‘We need a new house’, I thought to myself again, as I was scanning through the shelves and draws of the boys’ bedroom and around the house.
Where shall we put all the new stuff they got for Christmas?
‘We need to have a serious sort-out and declutter’, the more sensible part of me whispered and she was right again.
Learnt from my previous mistakes I waited for a quiet day when our bilingual little monsters were at school, as decluttering toys is ‘mission impossible’ when they are around.
I tried it couple of times when they were around and wanted them to take responsibility for what’s being kept and what needed to go and… it didn’t work.
My little cherubs weren’t prepared for so much responsibility yet. They didn’t want to part with ANYTHING. Old wooden blocks, half missing puzzles, mini figures from Kinder eggs… you name it. And of course the so called bilingual toys...
Even when I did the sort out without them and asked them to give me their final ok: ‘Yes, these can go.’, my mission in the end failed:
My husband and I got two evil looks and a bilingual response that: ‘But we are still playing with it, mummy/daddy, we can’t give it away!’
Our house is finally quiet. Let’s get busy!
First box aka pull out draw comes out with tonnes of cars of all sizes, colours and shapes, with wheels or without, broken or fixed helicopters, plastic animals, a few bits of Lego Duplo… a stashed mini packet of opened Haribos…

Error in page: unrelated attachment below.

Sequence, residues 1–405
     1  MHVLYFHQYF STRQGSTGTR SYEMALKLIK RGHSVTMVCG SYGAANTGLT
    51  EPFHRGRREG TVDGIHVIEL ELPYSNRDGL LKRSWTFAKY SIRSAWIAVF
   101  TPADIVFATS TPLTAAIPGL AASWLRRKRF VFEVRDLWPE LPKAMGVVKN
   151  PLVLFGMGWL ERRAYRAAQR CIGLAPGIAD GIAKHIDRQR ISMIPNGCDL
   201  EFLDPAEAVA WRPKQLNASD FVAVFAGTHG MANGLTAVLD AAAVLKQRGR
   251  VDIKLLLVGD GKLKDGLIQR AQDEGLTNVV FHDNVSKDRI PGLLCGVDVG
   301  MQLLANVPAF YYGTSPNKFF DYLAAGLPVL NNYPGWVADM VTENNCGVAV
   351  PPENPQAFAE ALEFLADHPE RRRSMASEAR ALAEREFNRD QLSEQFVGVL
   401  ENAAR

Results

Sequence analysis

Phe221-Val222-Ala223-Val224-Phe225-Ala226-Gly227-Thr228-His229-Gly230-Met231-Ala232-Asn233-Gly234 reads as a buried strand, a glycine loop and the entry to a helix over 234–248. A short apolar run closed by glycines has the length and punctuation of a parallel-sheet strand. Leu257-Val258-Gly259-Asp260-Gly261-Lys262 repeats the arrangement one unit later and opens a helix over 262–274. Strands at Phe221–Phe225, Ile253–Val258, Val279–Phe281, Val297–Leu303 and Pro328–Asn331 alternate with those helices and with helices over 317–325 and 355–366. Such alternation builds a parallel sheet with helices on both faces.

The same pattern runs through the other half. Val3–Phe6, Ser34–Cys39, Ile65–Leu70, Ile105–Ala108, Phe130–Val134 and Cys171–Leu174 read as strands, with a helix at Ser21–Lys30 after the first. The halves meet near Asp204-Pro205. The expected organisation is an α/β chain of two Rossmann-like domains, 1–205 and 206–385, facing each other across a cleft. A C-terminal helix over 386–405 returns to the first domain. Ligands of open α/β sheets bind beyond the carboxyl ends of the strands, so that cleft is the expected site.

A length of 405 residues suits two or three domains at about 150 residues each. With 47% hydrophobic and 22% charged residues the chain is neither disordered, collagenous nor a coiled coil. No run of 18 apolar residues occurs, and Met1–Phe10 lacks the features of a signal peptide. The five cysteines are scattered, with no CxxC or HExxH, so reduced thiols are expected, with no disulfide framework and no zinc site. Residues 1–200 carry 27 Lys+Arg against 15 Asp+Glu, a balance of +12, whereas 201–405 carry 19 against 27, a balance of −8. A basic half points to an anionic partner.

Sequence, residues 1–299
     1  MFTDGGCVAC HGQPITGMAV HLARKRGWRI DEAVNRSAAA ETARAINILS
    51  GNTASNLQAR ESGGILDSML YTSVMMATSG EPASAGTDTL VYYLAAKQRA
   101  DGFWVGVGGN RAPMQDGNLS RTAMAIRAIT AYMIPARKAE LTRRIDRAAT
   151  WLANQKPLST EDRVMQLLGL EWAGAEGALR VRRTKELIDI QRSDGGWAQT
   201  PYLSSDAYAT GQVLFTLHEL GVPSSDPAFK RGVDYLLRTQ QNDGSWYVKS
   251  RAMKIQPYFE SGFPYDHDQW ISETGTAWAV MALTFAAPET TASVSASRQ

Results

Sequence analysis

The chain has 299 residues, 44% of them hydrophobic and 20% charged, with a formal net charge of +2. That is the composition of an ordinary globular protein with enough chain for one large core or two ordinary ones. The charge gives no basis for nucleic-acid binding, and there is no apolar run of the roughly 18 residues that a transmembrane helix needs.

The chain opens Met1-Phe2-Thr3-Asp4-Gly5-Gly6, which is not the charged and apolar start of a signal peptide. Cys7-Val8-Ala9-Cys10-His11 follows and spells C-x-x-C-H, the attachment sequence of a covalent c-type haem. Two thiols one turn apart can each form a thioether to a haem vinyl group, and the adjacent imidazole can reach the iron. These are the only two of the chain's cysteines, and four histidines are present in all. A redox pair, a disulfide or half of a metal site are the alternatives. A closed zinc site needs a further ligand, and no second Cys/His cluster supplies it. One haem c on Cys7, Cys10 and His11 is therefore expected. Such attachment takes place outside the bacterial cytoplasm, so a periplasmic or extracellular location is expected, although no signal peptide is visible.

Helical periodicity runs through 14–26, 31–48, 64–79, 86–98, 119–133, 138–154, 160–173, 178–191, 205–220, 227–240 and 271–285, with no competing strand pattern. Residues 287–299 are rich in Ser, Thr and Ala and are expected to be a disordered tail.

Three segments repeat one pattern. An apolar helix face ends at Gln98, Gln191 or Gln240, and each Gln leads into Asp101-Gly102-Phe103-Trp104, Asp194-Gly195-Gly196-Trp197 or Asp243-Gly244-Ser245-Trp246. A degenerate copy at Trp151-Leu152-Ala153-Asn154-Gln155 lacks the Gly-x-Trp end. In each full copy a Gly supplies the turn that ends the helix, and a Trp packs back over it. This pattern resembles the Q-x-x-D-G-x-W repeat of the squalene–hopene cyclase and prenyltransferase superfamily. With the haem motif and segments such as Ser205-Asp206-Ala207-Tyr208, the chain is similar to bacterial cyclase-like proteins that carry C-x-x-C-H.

The box no 2, 3, 4 are with similar muddled up content.
‘Do we need it? Do we want it? When did we play with it the last time?’
Trying to be ruthless, which can be a tough job for a hoarder like me.
Some decisions are more straightforward than others.
Luckily, I haven’t bought all of the toys. Except for Christmas and birthdays, toys just seem to appear at our house out of a blue… and multiply overnight.
When the boys were born almost seven and nine years ago, we got all sorts of first toys and some of them were VERY noisy!
Nowdays it seems like parents are not only punished by having a noisy ‘bundle of joy’, but everyone thinks it’s a good idea to give out really noisy toys that you can’t ‘shut down’ either.
A double punishment???
As we’re getting more into devices and pushing buttons, many toys have batteries and no switch off buttons that parents can find, at least not easily.
Very often they can sing and talk or at least play music… even in more than one language! Bilingual toys?! Amazing!
Is it a win-win? Depends.
For example, at our bilingual house we’ve still got two laptop type activity devices, one in English and one in my native language.
They both can basically do the same: Encourage children to learn and practise their numbers, shapes and letters, do some basic counting.
There was a period of time when Bob and Richie were at pre-school and possibly year R, when they were keen to play with them on occasions, but not too fussed.
We would probably more often count some trees or dogs passing by, we would more often colour in some shapes and talk about it while colouring.
I can not imagine that I could have taken any of these ‘children’s look-alike devices’ on the plane when we went to see my relatives.
Monolingual or bilingual toys get so annoyingly repetitive and loud even when you’re at home.
I know that cabin crew and passengers around us wouldn’t last the one-and- a half hour journey listening to: ‘Hi! Let’s play together. Let’s count the shapes! How many triangles are there? … Four. Great! How many stars….’
Well, I am fairly sure, we’d be kindly asked to put them back into our overhead locker…. While talking is allowed most of the time.
On the plane or off the plane, most of the time we can just about manage without fancy-noisy-annoying self-punishing battery powered so called educative toys, but the call is yours.
Remember, the bilingual fun is always up to us.
Just saying looking at these two nice-try-to-be bilingual toys, which pile will they end up in this time: to stay or to go?